Companies are looking for…

Due to supply chain problems and a global shortage of circuits and chips, companies are forced to improvise and find innovative ways to supply much-needed chips.

The global shortage of chips, semiconductors and circuits is approaching its second anniversary. During this time, producers had to use unusual tricks to conserve production capacity. Auto manufacturers use washer-derived semiconductors that convert their source code to consume less valuable silicon. In some cases, they were (forced) to deliver products without chips, while at the same time obligated to fix the problem at a later time. As shortages of semiconductors become common, companies are forced to adjust their purchasing and production strategies.

“There is desperation in the market,” says Bill Wiseman, senior partner at consulting firm McKinsey. “If you make a $350,000 mass spectrometer and you can’t connect it because you don’t have a 50-cent chip, you’re willing to pay almost any price.”

McKinsey is one company that has taken the current situation to its advantage. They have created a team dedicated to sourcing chips for companies that provide them with consulting services. This team thinks outside the box and looks for chips outside of existing supply chains. Much needed chips are found in countries such as Morocco, Holland, Japan and others. They also identified segments that are slightly different from those originally requested but nonetheless suitable for subscribers’ needs. In the current situation, all the reins are in the hands of chip manufacturers and middlemen, who can charge a premium for the currently most in-demand raw materials in the world. However, companies have no choice but to pay. “The potato chips are already out there somewhere. The only question is how to find and get them,” Wiseman says.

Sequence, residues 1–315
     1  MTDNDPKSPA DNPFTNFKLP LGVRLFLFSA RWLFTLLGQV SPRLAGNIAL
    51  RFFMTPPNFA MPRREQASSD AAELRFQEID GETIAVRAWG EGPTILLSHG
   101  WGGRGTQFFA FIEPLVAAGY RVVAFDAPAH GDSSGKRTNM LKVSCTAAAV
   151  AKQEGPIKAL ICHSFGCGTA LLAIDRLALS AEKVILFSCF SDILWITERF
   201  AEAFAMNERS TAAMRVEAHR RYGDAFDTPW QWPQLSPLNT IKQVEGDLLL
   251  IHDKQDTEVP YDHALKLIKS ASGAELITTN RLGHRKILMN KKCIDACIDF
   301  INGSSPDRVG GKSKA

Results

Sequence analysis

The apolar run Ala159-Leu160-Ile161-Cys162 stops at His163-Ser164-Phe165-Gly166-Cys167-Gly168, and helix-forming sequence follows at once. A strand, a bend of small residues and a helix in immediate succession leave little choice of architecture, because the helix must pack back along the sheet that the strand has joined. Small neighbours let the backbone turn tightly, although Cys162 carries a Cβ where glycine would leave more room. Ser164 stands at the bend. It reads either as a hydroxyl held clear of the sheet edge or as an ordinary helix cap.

In some cases, this means using more unusual grab and hold tricks. Peter Weiningk, CEO of Dutch company ASML, which makes advanced machines for making modern computer chips, has revealed another interesting example of an industrial conglomerate that has resorted to buying washing machines just to obtain valuable chips for its products. .

Let’s remember why there is ever a shortage of raw materials: an epidemic, the rush to buy electronics needed for work and school from home, a backlog of chips due to US-China trade tensions, and disruptions in the flow of components through the complex semiconductor supply chain. all over the world.

The two-year crisis has highlighted the critical importance of semiconductors to the economy and society, while also demonstrating the fragility of existing supply chains. The industries most affected are consumer electronics (graphic cards, keyboards…), LED lamps and other lighting, energy and the automotive industry (fossil and electric). At the start of the pandemic, automakers halted or reduced production capacity, canceled orders for existing chips, and then were surprised by a sudden surge in demand. Car companies have fallen at the bottom of the list of priority customers and have been catching up since the start of the pandemic.